Life in 2020

As part of a special multimedia project, Ericsson (the telecom company) asked 20 thinkers to “share their view on the drivers of the future and how connectivity/broadband is changing the world.” What will life be like in 2020? How will the world evolve? What habits and needs will people have? What kinds of technologies will they use to make life easier? New talks are being added to the collection each week (find them all here), and above, we’re featuring one such talk by Don Tapscott, the author of Wikinomics and Grown Up Digital. He sees the next generation of leaders changing the world, and for the better. They have grown up on the web. They think differently because their brains are wired differently. They’re smarter. And they’re ready to initiate sweeping changes in the way we do things. It’s a rather hopeful talk (a rarity these days). If you’re having problems watching the Tapscott video, you can also watch it here.

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  • Howie says:

    Gosh I heard this about my generation when the internet came into being and Clinton was just getting cranking. And some of this was complete fluff. You can’t not consider 60’s protesters or the civil rights movements as not volunteer efforts. Or all those kids who signed up to fight WW2. And while the internet has changed us and how we live it has helped increase obesity! And lastly since 1995 very few world class companies have been spawned on the fact less than 10 out of the US. As for Netroots I am seeing as much spreading of lies and hate via the web and social media than anything I could sadly ever imagine. That being said I am optimistic because I am an optimist and I hope this current Gen of 30 to 50 years leaves the next Gen something better than what the boomers have left me.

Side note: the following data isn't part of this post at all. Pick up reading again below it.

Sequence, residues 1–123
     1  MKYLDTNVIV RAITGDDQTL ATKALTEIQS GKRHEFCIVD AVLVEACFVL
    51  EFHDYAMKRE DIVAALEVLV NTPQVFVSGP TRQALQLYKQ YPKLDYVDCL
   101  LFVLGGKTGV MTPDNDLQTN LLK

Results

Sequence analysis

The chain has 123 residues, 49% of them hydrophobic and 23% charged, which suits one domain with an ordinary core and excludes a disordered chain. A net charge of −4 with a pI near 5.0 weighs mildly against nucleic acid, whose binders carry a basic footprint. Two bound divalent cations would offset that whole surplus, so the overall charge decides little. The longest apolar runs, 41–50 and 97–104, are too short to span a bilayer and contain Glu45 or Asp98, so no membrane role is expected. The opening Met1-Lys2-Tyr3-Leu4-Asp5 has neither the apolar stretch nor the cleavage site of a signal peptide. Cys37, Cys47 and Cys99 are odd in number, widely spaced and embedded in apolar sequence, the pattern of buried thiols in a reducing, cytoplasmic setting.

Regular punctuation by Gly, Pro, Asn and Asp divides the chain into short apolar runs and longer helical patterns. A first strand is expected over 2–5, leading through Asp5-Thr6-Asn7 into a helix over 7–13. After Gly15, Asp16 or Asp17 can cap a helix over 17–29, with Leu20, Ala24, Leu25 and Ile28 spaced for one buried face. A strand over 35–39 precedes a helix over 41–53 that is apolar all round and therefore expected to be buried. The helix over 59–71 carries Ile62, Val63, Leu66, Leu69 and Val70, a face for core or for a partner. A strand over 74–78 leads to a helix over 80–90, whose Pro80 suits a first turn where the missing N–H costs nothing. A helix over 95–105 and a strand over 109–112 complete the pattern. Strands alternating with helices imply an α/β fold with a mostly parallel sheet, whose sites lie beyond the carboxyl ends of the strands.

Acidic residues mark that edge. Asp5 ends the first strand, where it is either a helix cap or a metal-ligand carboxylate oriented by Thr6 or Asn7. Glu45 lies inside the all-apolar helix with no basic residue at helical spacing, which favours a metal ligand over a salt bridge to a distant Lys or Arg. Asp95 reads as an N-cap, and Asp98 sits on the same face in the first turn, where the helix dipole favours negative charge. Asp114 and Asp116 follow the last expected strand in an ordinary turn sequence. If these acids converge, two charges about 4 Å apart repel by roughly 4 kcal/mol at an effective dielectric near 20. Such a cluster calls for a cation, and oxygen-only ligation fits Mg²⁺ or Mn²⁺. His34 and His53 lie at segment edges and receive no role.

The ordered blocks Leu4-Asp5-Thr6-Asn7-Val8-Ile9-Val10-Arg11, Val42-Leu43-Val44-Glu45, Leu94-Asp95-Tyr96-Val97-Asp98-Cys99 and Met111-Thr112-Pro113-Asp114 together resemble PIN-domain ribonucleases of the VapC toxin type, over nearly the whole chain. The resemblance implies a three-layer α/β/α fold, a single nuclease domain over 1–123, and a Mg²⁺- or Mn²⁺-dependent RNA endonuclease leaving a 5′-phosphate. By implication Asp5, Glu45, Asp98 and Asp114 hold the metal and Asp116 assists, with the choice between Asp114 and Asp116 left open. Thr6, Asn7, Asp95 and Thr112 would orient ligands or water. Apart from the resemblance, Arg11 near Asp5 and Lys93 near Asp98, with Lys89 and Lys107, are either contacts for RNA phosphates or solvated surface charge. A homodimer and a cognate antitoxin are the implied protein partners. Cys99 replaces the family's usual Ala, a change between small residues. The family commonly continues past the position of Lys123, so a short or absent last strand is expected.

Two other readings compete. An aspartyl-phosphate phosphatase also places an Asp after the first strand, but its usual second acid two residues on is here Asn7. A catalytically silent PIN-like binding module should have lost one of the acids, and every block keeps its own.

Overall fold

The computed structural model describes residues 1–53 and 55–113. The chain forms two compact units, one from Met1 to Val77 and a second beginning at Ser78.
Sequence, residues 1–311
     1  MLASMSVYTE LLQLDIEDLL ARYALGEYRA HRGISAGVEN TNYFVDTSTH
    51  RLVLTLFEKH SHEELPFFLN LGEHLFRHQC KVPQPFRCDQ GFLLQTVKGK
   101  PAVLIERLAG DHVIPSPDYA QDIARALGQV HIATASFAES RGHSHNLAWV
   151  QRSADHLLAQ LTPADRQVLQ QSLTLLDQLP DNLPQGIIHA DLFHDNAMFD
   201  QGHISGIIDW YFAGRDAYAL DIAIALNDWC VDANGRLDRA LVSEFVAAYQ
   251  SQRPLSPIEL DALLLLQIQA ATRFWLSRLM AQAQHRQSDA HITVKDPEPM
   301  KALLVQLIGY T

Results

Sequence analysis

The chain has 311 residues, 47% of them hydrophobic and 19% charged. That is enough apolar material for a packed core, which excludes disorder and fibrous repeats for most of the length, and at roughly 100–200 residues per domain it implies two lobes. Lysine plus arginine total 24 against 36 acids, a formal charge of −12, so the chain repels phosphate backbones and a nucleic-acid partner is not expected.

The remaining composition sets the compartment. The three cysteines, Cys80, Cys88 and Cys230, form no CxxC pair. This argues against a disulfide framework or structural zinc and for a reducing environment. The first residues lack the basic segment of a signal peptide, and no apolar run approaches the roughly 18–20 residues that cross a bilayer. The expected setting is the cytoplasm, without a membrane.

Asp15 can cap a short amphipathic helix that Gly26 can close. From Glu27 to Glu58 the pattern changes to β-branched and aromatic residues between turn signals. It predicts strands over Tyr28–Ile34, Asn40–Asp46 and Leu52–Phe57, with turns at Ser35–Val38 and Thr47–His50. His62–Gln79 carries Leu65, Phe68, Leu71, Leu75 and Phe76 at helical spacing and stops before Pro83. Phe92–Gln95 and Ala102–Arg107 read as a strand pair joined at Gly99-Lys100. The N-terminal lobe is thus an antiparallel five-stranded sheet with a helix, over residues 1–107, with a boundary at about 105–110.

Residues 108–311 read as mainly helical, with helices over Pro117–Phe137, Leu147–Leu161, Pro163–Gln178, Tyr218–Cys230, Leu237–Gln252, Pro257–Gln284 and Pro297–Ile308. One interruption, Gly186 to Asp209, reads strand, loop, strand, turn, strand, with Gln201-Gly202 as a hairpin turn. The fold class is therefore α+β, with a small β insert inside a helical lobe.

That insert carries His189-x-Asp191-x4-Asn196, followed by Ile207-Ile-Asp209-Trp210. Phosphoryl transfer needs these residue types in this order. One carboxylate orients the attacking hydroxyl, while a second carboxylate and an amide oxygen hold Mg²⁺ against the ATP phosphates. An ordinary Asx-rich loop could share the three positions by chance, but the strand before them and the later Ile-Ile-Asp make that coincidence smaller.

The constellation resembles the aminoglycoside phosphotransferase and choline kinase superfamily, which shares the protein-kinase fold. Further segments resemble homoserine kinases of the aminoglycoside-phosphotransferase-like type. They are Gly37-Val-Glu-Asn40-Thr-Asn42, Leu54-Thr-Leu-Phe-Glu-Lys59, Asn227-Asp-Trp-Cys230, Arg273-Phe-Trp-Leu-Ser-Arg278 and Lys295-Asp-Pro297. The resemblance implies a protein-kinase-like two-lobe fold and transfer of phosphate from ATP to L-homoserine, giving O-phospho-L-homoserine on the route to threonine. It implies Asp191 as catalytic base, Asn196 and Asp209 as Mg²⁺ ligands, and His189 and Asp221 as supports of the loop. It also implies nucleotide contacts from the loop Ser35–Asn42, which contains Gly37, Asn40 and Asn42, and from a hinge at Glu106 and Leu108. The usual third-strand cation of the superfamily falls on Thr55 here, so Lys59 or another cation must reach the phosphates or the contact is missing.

• Don Lovell says:

    Tapscott is sadly incorrect in many of his pronouncements. We (USA) are not excelling academically, and there is ample data to support it, unlike his pronouncement. SAT scores? They’re still with us because there’s a billion dollar industry dependent on their continuation. It’s definitely not because they come anywhere near representing a true measure of knowledge or an equitable application from a perspective of diversity. Young people are not smarter, they simply have different information. Colleges full? There’s not exactly an abundance of opportunity right now. California has a real unemployment rate of more than 20%.

    Describing change by using empty platitudes is irresponsible. Real change is fluid and continuous and not hastened by the effort of any one class of individuals or systems. This is nothing more than a commercial for Tapscott’s books.

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